The agenda started with the claim that an “extraordinary technological change is transforming how we live, work, communicate and pursue good ideas. We need to embrace new ideas in innovation and science, and harness new sources of growth to deliver the next age of economic prosperity in Australia” (NISA, 2017, para. 1). This technicist view of the future, the prevailing paradigm of STEM education, was in line with defence department and defence industry discourse, similarly dominated by an “innovation obsession” (p.9), The Agenda contained no reference to the actual existential threats we face. This view of progress is increasingly dependent on the power of technology, which is represented as of central and vital importance with STEM framed as the vehicle to supercharge it. This is also having an impact on science education, with “STEM” in some ways subsuming science and technology and maths, which then become more about competitive national and neoliberal agendas for human capital production and innovation that underpin 21st-century global economies than it is anything else; in other words, the STEM pipeline.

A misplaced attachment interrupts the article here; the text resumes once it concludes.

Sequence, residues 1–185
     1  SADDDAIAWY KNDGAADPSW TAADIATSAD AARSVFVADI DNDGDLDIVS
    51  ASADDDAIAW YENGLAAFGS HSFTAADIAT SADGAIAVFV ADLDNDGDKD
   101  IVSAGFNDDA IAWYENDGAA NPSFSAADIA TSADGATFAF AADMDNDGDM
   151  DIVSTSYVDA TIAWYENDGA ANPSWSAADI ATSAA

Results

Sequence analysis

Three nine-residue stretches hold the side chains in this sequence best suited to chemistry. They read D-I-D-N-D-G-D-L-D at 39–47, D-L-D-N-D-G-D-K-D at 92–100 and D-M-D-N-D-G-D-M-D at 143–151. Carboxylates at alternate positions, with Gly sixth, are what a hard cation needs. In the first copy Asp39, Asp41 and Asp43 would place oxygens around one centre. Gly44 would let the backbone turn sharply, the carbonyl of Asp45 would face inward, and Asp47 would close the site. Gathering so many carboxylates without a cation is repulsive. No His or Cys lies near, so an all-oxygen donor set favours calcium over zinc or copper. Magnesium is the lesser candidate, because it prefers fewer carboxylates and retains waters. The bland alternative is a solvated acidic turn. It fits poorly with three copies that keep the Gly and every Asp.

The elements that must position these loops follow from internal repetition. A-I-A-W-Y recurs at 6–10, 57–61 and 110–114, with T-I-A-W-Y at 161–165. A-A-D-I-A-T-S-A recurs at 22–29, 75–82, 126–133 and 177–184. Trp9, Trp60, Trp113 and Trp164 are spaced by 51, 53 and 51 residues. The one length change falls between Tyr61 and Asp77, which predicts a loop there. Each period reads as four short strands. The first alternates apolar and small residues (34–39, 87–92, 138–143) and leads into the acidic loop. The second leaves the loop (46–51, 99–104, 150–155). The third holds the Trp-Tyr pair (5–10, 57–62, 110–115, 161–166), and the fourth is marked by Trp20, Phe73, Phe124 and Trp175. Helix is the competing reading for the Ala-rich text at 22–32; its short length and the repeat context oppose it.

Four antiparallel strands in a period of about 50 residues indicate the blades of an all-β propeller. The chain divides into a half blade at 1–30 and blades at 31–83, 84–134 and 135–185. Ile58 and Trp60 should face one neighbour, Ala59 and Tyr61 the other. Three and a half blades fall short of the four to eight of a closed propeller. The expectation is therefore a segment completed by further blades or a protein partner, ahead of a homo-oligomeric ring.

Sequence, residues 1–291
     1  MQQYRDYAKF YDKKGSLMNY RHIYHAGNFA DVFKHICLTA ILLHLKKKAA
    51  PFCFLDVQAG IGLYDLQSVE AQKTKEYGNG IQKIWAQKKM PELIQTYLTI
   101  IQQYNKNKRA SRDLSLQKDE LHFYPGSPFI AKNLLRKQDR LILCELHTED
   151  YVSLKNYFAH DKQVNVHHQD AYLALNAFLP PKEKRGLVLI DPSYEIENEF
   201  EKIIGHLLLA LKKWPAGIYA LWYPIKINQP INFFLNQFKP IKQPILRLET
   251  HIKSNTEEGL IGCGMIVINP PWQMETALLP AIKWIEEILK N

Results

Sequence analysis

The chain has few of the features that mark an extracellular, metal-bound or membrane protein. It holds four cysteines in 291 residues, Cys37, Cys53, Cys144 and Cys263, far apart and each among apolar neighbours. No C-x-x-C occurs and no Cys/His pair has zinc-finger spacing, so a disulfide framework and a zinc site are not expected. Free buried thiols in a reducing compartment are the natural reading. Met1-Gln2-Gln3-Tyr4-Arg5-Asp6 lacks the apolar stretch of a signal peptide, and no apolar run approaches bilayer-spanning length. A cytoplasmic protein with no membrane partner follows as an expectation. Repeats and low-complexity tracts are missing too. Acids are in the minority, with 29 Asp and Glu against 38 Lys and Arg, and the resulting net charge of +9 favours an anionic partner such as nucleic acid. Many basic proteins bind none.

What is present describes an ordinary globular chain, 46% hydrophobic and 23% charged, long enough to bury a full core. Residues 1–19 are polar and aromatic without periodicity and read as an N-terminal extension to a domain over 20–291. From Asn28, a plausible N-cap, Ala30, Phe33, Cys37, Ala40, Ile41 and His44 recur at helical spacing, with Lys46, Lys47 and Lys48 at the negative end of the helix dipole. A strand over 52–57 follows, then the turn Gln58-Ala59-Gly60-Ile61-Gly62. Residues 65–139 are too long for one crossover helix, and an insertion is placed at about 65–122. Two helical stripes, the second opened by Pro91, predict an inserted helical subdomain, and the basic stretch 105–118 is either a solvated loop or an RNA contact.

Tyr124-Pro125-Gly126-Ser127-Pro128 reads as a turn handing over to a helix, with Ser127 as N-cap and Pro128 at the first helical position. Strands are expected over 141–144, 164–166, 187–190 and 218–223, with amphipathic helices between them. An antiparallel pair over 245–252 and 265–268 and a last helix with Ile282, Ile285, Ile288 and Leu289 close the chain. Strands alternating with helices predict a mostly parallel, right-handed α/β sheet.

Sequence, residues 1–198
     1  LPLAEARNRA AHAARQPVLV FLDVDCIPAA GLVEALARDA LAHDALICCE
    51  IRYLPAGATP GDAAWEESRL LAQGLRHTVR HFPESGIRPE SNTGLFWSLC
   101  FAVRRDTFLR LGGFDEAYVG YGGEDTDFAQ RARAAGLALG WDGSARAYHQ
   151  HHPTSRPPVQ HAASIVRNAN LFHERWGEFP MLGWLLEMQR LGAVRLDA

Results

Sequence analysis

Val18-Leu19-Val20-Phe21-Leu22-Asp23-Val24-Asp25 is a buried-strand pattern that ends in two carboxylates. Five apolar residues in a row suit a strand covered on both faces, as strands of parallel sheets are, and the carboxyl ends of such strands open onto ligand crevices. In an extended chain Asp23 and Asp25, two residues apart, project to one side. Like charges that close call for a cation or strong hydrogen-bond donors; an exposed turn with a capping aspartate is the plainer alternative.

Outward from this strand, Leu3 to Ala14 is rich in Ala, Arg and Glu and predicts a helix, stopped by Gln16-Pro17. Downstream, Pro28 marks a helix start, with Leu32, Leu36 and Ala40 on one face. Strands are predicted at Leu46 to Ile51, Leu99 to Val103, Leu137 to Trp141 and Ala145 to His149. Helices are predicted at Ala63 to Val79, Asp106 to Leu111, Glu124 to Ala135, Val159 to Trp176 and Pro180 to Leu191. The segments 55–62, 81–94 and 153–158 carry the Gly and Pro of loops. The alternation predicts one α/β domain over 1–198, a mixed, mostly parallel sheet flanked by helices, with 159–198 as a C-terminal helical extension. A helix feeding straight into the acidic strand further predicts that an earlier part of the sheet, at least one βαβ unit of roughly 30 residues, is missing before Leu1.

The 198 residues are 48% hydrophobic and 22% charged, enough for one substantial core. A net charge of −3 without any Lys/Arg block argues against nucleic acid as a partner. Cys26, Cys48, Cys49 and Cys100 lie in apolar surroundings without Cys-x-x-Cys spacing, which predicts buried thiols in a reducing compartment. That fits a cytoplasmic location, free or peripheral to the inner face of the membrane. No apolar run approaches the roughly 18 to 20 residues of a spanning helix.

2017 – NSW Government releases its strategic plan for the defence industry in NSW.
This plan was based on five key strategies to grow the NSW defence industry. The third, the most relevant to a discussion of STEM education is to “Provide defence and industry with their future workforce”. Specifically “NSW: Strong, smart and connected” commits the NSW Government to promoting defence industry career pathways and encouraging and developing educational opportunities and incentives to stimulate the uptake of STEM subjects at schools, promote interest and accessibility of STEM in NSW’s secondary and tertiary institutions, and promote career paths in defence industry and technology through industry partnerships and incentive program and “provide industry with their future workforce”.
In other words, the State Government says that it is their responsibility to provide a workforce to a specific industry. The Government does not seem to see it as their job to ensure that enough people study nursing to meet the population’s needs, or to ensure that enough people become teachers, age care workers, etc. While it lumps the actual defence forces together with the private companies which service the defence forces, it is alarming to see a government so casually assert that it is their responsibility to find a workforce for an industry. Especially one that is so dominated by large multinationals which make billions in profit each year, and especially an industry that has a financial interest in the continuation and expansion of armed conflict.
2018 – Optimising Stem Industry School Partnerships report released
Everything that was said about the 2015 strategy earlier in this document was continued and reinforced in the 2018 update.
2018 – Commonwealth Defence Export Strategy is announced and adopted